Computerworld has penned an article about the issues surrounding Europe’s new GDPR rules and the blockchain. Initially they write, “The immutable nature of blockchain networks could break the rules….But when implemented properly, the distributed ledger technology could also be part of the solution for compliance.”
Anybody working in Blockchain and the law will have this topic forefront in their minds, at the moment..
As the EU prepares to roll out new data protection regulations this month, concerns are emerging that they could dissuade businesses from rolling out blockchain-based projects because the online transaction technology might innately break the new rules.
The EU’s General Data Protection Regulation (GDPR) targets citizens’ personally identifiable information (PII), providing transparency around its use and giving people the right to restrict its use or request it be deleted all together.
While GDPR never mentions PII, the new rules describing “personal data” are synonymous with it: “Any information that relates to an identified or identifiable living individual. Different pieces of information, which collected together can lead to the identification of a particular person, also constitute personal data.” In short, it means any data that can be tied back to person’s identity.
Blockchain, which has taken the business world by storm, is an online electronic distributed ledger technology that can create an immutable record for recording a history of transactions; therefore, if blockchain were to be used as a type of database to transact with PII, it would by default run afoul of GDPR rules. Blockchain ledgers can be added to, but information on the network cannot be modified or deleted. It’s a write-once, append-many technology.
How blockchain could run afoul of GDPR
Gerry Stegmaier, a partner in the IP, Tech & Data Group of Washington-based law firm Reed Smith, said blockchain’s greatest attribute – its characteristic as an unchangeable record that creates trust and a perfect auditing trail – could also be its biggest downfall from a rules perspective.
“Regulators are unlikely to accept the argument that somehow blockchain is exempt from GDPR strictures because a defining feature of distributed ledgers is the impossibility of deleting data, such that it cannot be deployed in a way that enables data deletion,” Stegmaier said in an email. “Those kinds of arguments haven’t resonated well with regulators.”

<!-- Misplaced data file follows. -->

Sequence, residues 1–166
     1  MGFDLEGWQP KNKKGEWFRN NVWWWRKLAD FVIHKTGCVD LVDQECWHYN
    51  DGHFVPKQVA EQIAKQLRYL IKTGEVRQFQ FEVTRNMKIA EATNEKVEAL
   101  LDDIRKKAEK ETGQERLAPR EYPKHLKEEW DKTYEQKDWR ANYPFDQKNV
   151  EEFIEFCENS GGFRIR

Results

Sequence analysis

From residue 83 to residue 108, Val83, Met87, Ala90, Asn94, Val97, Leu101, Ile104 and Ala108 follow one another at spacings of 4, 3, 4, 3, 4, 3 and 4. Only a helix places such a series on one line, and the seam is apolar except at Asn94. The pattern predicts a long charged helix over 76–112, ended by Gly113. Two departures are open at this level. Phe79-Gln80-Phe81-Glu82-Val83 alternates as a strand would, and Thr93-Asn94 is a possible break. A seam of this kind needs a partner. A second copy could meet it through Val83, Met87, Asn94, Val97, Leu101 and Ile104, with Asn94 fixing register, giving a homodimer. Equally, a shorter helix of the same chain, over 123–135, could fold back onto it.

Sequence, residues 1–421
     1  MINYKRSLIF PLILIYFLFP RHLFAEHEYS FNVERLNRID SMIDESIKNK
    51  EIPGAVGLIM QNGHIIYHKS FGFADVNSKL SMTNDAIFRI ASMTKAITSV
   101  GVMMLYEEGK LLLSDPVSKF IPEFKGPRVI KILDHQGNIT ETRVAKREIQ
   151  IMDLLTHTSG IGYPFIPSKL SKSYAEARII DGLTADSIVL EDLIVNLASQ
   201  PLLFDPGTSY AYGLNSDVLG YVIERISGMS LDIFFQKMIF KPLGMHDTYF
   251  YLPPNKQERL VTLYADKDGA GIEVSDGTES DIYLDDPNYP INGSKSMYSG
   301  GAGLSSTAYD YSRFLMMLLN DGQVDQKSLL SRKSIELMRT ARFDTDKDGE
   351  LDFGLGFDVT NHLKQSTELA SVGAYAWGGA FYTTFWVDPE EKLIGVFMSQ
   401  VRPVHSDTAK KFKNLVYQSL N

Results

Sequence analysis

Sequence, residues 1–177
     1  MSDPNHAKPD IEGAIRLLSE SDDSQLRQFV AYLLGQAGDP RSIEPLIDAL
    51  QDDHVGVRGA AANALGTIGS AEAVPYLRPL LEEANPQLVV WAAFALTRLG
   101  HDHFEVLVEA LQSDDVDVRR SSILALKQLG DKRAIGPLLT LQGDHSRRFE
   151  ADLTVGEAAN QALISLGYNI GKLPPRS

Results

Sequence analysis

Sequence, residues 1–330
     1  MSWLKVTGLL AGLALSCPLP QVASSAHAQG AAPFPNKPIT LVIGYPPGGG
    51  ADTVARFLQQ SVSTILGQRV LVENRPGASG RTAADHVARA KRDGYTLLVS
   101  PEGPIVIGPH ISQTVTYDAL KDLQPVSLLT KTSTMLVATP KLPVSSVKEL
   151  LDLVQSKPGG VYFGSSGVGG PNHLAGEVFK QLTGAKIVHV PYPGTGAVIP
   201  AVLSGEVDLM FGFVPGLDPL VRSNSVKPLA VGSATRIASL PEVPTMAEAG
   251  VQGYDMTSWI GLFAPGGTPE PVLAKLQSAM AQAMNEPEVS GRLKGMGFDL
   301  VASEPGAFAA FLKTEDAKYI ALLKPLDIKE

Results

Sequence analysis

In general, technology development, for better or worse, has not been at the forefront of data protection policy development in Europe, Stegmaier added. Few regulators have technologists on staff, “and even fewer are technologists themselves.”
Others, however, argue that blockchain is not innately at odds with data privacy protection and can actually offer some of the industry’s best available data protection methodologies.
Gennaro Cuomo, an IBM fellow and vice president of the company’s Blockchain Technologies unit, explained that not all blockchain technology is created equal.
“For broad business and government use, enterprise blockchain technology is now available that solves four fundamental requirements: accountability, privacy, scalability and security,” Cuomo said in an email.
In February, Cuomo testified before a congressional subcommittee on blockchain as a transformational building block for many types of business and government communication; he emphasized that bitcoin and other forms of cryptocurrency are but one use of blockchain, just as social media is but one use of the internet.
How blockchain can support GDPR…..